When I'm in Malaysia, I could eat nasi lemak every day and not get tired of it. The fragrant coconut rice is served everywhere from humble roadside stalls, where it costs the equivalent of 50 US cents, to five-star hotels, where it's available on the breakfast buffet.
This recipe is quite involved, so I will understand if you buy the sambal goreng (stir-fried chilli paste) and fried ikan bilis (dried anchovies) from a shop specialising in Malaysian/Singaporean products. While you're there, pick up the other ingredients needed for this dish such as belacan (fermented dried shrimp paste), tamarind pulp, ikan bilis and pandan leaves. If candlenuts are unavailable, substitute macadamia nuts.
If you make your own sambal goreng, a high-speed blender (such as a NutriBullet) works very well at grinding the ingredients, although traditionalists would insist on using a mortar and pestle. The sambal goreng keeps in the fridge for several weeks. Ideally, it should be made at least a few days before you cook the rest of the dish so the flavours have time to develop. The sambal is stirred into the prawns at the last minute. The fried ikan bilis can be made a couple of days in advance and stored in an air-tight container.
Make the sambal goreng. Roughly chop the garlic, shallots, candlenuts and dried chillies, then put them in a mortar or food processor (a high-speed blender). The mixture should be a moist paste; if necessary, add some water.
Put the tamarind pulp into a bowl, add 200ml (¾ cup plus 1tbsp) of warm water and stir well. Strain the liquid through a small sieve, pressing on the pulp to extract as much flavour as possible. Set aside the tamarind liquid.
Heat the oil in a wok placed over a medium-low flame. When the oil is very hot, turn the flame to low. Add the garlic/shallot/candlenut/chilli paste and stir constantly until it's thick, fragrant and shiny. Stir in the tamarind liquid, tomato paste, sugar and about 1½tsp of salt. Stir well then taste the mixture and adjust the seasonings, if necessary. Cook until the mixture is thick, then transfer to a jar. When the sambal is cool, cover the jar and refrigerate. The oil that floats to the surface should be stirred into the mixture before use.
Prepare the ikan bilis. Pull the heads from the anchovies.
Pour oil to the depth of about 5cm (2in) in a pan, then heat it over a medium-low flame to 170°C (340°F). Add the peanuts and fry until golden, stirring constantly. Use a slotted spoon to remove the peanuts from the oil, then drain them on paper towels and sprinkle lightly with salt.
Turn the flame to low and fry the anchovies, stirring constantly, until they're golden brown and crisp through. Remove the anchovies from the oil, drain on paper towels then mix them with the peanuts.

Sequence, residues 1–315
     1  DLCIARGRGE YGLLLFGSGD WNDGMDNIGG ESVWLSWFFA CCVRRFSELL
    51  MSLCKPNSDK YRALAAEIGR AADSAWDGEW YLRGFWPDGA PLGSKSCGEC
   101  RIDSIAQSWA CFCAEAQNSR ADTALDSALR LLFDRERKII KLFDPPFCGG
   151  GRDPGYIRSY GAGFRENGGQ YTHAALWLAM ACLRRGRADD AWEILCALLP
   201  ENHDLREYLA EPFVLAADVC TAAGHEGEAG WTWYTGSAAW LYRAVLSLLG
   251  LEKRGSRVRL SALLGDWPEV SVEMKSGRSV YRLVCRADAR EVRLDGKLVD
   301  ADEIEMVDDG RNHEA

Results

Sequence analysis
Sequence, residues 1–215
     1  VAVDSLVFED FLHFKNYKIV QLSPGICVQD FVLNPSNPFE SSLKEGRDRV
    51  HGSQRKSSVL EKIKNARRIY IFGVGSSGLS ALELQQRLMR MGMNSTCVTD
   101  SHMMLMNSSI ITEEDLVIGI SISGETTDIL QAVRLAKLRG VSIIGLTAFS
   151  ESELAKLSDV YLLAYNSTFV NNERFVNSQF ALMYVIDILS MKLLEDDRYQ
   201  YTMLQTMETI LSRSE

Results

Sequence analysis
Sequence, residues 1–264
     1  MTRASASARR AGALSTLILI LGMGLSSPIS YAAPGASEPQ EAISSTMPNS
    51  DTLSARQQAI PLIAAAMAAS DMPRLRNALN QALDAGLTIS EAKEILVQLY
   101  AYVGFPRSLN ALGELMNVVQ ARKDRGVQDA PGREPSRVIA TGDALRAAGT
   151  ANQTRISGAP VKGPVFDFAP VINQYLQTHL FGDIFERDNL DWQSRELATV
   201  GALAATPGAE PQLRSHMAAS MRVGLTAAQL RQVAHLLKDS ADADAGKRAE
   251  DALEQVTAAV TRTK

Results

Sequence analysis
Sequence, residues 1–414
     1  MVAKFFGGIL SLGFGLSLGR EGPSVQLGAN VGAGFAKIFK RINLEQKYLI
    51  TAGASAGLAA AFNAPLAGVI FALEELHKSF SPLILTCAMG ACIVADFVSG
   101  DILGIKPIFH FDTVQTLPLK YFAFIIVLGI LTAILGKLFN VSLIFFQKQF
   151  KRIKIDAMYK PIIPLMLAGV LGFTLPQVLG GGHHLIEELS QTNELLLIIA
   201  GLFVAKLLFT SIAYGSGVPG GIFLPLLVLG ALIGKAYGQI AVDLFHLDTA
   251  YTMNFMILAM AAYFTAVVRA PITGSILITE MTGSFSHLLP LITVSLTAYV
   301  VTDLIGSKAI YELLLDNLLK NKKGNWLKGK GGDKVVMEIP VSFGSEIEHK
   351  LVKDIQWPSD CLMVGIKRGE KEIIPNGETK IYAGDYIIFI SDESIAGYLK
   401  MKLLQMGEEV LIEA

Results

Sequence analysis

Crumble the belachan onto a square of foil. Place the foil on a skillet set over a medium-low flame. Toast the belachan until very fragrant (or more fragrant than usual), then remove from the heat and allow to cool.
Roughly chop the banana chillies, shallots and garlic then put them in a mortar or food processor (or high speed blender). Add the belacan and grind to a rough paste, adding a little water, if necessary.
Mix the tamarind pulp with 60ml (¼ cup) of warm water, stir to dissolve then strain the liquid through a sieve.
Heat 60ml (¼ cup) of fresh oil in a clean wok over a medium-high flame and when it's hot, add the spice paste and fry, stirring constantly, until it's thick and fragrant. Add the tamarind liquid, sugar, tomato paste and salt to taste and stir to blend well. Bring the sauce to a simmer then remove from the heat.
Make the rice. Rinse the rice in several changes of water until it runs almost clear. Drain well then put the rice in a rice cooker and stir in the coconut milk and 100ml (¼ cup and 2tbsp and 2tsp) of water. Cut the pandan leaves into 10cm (4in) lengths, tie them into a knot and add them to the rice. Let the rice soak for 30 minutes then stir in the salt and cook the rice until tender.
Put the eggs in a pan just large enough to fit them in one layer. Add enough water to cover the eggs by about 2.5cm (1in). Place the pan over a medium flame, bring to the boil then remove from the heat. Cover the pan with the lid and leave for 10 minutes. Drain the eggs then put them in a bowl of iced water. When the eggs are completely cool, peel them and cut in halves or quarters.
Peel the prawns but leave the heads intact, if desired. Slit the prawns down the back and remove the black vein.
Heat about 200g (7oz) of the sambal goreng in a skillet then add the prawns and simmer until they're pink, curling and cooked through. The prawns should be liberally coated with the sambal; if necessary, add more to the pan.
Mix some of the belachan/shallot sauce with the anchovies and peanuts to lightly coat them. Put the remaining sauce into a bowl.
To serve, scoop some of the rice onto the banana leaves or plates. Add some prawns, spiced ikan bilis, sliced cucumber and an egg to each portion. Serve the remaining sauce (used to coat the ikan bilis) and sambal on the side and let each diner add more to their portion, if desired.